“I want to change the culture the way Albion wants to change the culture. Granted, I’m going to guide that change of culture,” said McZee. “But if Albion says they want to change the culture, let’s change the culture.”

The shift in culture is something that many of his colleagues believe him to be capable of tackling. One of his colleagues, Professor of Ethnic Studies Dr. Dominick Quinney, is among them.

“I believe his work is important and necessary,” Quinney said, adding that McZee brings new innovation and a new approach that the college needs. Quinney hopes that his work will change the scope of the college.

“In terms of how I would bring the campus together: I think let’s face it,” said McZee. “Let’s have the hard conversations, let’s talk about it.”

McZee also thinks the language used in reference to belonging should change.

“I think it’s time to move past the word “diversity,” McZee said. Instead, McZee intends to move beyond diversity, toward being inclusive and equitable. 

However, McZee said he can’t do the work alone. He has to work with the college and the students to build an institution that everyone wants to be part of. 

“I think everybody matters on this campus and that everyone should feel like they matter and belong on this campus,” McZee said. 

And he says he’s ready to do the work for those who don’t.

“If they don’t feel like they belong, then we’ve got some work to do,” McZee said. “If someone feels like they don’t belong on this campus they need to contact me ASAP.”

McZee says, “I am a truly transformational leader. I have learned that about myself in the last seven years. I come in and I transform institutions. I transform cultures.”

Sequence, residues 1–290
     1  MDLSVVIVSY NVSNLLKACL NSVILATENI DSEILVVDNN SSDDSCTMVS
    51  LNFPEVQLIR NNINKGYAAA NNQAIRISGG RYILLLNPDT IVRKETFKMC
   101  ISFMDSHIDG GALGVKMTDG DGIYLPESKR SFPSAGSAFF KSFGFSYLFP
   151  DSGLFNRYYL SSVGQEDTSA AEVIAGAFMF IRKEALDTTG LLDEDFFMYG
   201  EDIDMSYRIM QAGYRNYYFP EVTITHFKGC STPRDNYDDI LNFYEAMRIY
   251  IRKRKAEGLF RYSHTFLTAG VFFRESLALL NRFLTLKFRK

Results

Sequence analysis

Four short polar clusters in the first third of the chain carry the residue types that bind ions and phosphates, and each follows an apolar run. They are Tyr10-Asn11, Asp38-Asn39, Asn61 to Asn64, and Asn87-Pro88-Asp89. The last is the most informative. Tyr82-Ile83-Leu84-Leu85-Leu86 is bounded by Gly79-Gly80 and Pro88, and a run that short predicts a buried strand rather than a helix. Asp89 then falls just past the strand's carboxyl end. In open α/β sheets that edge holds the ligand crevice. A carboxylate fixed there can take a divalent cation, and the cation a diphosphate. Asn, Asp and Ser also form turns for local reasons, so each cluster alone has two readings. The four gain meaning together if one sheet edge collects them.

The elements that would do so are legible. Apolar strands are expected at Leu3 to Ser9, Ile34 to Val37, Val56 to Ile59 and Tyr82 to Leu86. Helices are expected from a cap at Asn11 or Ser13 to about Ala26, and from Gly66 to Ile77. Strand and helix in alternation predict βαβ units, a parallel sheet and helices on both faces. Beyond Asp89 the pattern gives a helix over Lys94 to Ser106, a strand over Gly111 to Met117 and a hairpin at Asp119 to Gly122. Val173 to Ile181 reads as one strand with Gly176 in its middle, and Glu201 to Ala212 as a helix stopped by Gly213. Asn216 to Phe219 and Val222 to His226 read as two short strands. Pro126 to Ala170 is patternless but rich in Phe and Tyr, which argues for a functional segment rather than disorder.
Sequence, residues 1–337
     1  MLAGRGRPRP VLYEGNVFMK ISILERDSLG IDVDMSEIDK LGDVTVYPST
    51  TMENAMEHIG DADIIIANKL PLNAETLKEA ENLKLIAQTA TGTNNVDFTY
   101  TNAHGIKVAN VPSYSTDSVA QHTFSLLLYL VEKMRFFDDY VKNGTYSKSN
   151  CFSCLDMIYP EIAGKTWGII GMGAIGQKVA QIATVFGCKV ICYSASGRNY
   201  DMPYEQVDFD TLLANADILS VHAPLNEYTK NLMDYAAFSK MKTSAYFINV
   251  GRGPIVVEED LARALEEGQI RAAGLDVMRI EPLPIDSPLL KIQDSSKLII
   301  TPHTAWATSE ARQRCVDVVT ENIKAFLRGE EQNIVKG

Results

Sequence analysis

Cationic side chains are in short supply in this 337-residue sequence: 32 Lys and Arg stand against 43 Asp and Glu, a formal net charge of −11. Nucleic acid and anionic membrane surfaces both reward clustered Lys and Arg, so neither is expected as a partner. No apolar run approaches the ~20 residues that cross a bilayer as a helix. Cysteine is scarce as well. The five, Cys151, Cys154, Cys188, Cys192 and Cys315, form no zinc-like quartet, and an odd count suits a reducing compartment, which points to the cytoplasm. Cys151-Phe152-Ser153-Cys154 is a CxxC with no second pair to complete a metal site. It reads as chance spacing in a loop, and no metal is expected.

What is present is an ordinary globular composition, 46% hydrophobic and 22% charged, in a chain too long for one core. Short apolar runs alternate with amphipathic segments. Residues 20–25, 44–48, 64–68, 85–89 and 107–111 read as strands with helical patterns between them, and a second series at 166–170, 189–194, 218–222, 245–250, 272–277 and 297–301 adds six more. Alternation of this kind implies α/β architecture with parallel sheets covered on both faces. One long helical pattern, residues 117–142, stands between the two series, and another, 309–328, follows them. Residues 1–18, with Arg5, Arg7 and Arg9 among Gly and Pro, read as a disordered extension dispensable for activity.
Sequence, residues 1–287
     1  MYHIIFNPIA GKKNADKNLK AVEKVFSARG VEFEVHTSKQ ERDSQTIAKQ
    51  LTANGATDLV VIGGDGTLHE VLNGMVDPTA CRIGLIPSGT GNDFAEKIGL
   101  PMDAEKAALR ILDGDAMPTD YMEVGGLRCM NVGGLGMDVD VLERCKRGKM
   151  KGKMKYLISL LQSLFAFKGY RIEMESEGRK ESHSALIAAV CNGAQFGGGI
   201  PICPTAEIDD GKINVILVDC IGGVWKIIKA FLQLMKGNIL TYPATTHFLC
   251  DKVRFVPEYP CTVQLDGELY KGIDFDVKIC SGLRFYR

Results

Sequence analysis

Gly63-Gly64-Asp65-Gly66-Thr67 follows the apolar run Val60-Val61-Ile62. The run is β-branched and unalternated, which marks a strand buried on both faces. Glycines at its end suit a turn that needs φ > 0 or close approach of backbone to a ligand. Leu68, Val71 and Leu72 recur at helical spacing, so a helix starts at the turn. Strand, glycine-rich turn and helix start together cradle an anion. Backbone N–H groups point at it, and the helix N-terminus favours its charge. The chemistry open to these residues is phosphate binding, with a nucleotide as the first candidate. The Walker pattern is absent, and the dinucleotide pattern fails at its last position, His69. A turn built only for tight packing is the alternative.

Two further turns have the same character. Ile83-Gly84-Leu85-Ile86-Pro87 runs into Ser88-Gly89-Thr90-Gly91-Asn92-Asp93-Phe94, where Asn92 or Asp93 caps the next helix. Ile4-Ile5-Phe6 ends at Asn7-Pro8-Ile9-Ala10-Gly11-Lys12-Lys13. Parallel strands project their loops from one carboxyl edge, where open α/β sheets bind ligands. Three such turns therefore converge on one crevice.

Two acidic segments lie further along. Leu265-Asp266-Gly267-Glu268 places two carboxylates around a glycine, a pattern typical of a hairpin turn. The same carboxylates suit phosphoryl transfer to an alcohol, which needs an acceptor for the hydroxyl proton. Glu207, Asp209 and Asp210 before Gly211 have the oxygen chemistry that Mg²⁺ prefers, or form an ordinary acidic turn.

However, Mczee said he cannot do the work alone. He must work with the students of the college to build an institution they want to be a part of.

“I’ll be here a lot of evenings next week meeting with the student senate, black student alliance, international student organizations, LGBrits,” said McZee. “Again, I’m on a listening tour, and I want the good, the bad and the ugly. Because I can’t fix anything if I don’t know what’s going on.”

In his few short weeks here, he has already started developing projects that he hopes will improve the culture and community of Albion including safe zone training and diversity training on microaggressions and implicit bias.

These events will be open to both staff and students of Albion College.

He will also be starting a Social Justice Speaker Series this semester. Likely starting in February, the events will be a collaborative effort with student organizations involved in the celebration of Black History Month.

McZee says he has enjoyed the warm welcome he has received from the community and institution. He plans to return the sentiment in his role as CBO.

“I want to make sure that students, faculty and staff do feel that sense of belonging,” McZee said.

About Bella Bakeman 52 Articles
Bella Bakeman is a junior from Berkley, Michigan. She is majoring in English with a Secondary Education Concentration and minoring in Political Science. Bella seeks to bring both joy and justice to her readers. She can be found with a camera around her neck, notebook in hand and pen in her pocket. Contact Bella via email at